I think the chapters are the heart of NAFA and I have developed several great friendships. I think the chapters offer the opportunity to meet people who are local, and if you do have a question you can contact them quickly, you can visit with them; I do that on a regular basis.
What would you tell a fleet manager who is trying to decide whether to go to NAFA Institute & Expo next month?
Most of what I know about fleet, I learned from NAFA. Prior to NAFA, to be honest with you, I was a maintenance manager and a technician. Most of the policies I have in place are through NAFA. It is a tremendous opportunity for people – even if you know something about fleet or you have been in fleet for a long time you will still learn something at every I&E.
What are some of the things you have taken away from NAFA I&E that have made a difference in the way you manage your fleet?
The first difference I&E made to me is that I got my CAFM in 1997. My predecessor retired in 1997 and the primary reason that I was able to move up and become the director of transportation was because I had achieved the goal of CAFM.
Another thing: After attending the DOT meetings, we revised our DOT policy. We just went through a DOT audit and we are in the process now of developing a centralized policy for DOT at the University simply because the University has several different campuses. We are on the Boulder campus and we have a Denver campus, an Anschutz Medical Center, and then the Colorado Springs campus. We have policies on the Boulder campus, but DOT looks at us as one entity so we are in the process of developing a centralized policy based on the information that we brought back from I&E and some of the classes that we attended there.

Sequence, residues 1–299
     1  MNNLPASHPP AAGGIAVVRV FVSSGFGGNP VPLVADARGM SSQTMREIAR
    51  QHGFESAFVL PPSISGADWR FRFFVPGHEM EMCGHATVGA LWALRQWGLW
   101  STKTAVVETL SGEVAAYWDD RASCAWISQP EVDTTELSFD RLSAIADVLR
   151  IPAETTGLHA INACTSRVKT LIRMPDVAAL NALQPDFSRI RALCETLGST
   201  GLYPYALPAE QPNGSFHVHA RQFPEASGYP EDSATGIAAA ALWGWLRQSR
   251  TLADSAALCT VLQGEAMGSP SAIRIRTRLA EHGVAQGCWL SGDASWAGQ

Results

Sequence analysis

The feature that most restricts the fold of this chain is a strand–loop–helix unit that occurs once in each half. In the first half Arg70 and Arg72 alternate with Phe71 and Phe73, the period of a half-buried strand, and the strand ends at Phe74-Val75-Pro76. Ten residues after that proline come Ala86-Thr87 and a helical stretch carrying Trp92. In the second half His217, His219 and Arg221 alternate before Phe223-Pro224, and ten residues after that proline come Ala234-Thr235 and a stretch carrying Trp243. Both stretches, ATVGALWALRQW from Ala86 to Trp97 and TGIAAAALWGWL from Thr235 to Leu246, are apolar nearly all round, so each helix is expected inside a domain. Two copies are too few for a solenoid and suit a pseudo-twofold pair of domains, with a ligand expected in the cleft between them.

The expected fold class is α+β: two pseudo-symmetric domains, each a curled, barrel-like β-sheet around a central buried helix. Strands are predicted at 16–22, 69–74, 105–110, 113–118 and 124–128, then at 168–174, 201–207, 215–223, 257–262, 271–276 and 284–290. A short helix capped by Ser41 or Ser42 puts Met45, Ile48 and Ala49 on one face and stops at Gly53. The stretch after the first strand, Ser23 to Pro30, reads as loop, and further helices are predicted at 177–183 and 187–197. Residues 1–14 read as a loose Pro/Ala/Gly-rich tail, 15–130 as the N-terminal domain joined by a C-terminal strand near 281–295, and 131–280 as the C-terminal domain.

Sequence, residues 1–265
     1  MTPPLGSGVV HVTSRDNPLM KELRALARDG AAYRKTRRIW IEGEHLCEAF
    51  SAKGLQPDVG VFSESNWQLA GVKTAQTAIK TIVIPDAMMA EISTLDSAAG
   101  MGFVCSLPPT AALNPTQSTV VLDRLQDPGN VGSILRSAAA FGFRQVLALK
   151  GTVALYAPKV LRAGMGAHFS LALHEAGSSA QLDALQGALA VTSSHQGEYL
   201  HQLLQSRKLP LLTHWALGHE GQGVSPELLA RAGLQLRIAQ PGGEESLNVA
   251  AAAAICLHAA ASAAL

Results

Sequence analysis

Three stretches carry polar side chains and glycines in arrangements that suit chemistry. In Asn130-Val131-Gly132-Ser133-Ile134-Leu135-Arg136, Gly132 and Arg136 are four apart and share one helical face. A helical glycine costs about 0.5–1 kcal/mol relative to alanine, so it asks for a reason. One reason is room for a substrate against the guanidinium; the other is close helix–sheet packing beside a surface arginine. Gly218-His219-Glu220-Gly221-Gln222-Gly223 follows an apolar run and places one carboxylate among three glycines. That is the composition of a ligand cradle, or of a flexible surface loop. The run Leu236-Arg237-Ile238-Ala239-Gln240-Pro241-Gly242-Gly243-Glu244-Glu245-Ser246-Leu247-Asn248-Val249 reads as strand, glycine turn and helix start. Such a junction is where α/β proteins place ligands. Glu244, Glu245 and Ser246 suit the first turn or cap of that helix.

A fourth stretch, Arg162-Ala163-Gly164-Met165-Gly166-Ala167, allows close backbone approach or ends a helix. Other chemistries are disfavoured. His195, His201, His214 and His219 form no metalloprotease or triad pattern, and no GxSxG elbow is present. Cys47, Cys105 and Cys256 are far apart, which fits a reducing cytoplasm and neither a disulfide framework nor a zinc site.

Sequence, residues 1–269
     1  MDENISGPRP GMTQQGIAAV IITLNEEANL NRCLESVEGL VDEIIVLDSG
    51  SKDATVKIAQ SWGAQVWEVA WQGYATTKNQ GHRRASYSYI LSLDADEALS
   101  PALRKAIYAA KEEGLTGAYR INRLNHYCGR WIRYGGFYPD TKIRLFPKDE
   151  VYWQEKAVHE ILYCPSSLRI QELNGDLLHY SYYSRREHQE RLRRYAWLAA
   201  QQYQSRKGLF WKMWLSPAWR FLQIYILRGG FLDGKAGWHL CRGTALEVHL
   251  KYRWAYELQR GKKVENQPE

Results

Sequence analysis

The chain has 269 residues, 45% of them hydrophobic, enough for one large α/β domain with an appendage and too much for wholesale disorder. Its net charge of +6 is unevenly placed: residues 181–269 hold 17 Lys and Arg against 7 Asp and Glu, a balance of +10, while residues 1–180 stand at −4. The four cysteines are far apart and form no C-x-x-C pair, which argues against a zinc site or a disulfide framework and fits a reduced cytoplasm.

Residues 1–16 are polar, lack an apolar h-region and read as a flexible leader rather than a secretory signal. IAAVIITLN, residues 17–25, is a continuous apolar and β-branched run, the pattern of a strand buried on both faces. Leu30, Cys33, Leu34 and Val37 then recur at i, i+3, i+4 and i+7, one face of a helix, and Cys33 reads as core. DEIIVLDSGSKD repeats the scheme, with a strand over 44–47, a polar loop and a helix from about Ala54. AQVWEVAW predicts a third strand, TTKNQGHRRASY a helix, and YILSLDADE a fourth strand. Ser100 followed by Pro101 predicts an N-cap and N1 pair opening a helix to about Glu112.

I have attended several classes for professional development at I&E. I have brought those classes back, redeveloped them and taught them to my employees as well. So, there are a lot of things I have gotten and given back to the University through the I&E process.
Tell us about ‘Test Drive the CAFM’ at the I&E.
One of the things that is new at the I&E this year is that the CAFM Committee has decided to put together a ‘test drive’ of the CAFM program. Currently, when you sign up for the CAFM program you get eight modules and a lot of people see eight as a huge goal. With the test drive program you can sign up for just one module, which is the asset management module. You can go to the boot camp and then after the I&E on Saturday you will test for that one particular module. If you decide at that point that you want to sign up for the CAFM program, that module is credited towards your CAFM as you move forward. So you only have seven other modules to accomplish. I think that is a real neat way for people to get a taste of the CAFM; in this case ‘Test Drive the CAFM.’
Bryan Flansburg, CAFM, Director of Transportation, University of Colorado
Bryan Flansburg has been involved with Fleet Management for over half of his life. Bryan supervises the area managers whose responsibilities include administering the University fleet, driver training, a motor pool, a maintenance shop, a transit operation, and alternative transportation options. He has held positions as maintenance manager, fleet manager, and currently serves as Director of Transportation Services at the University of Colorado.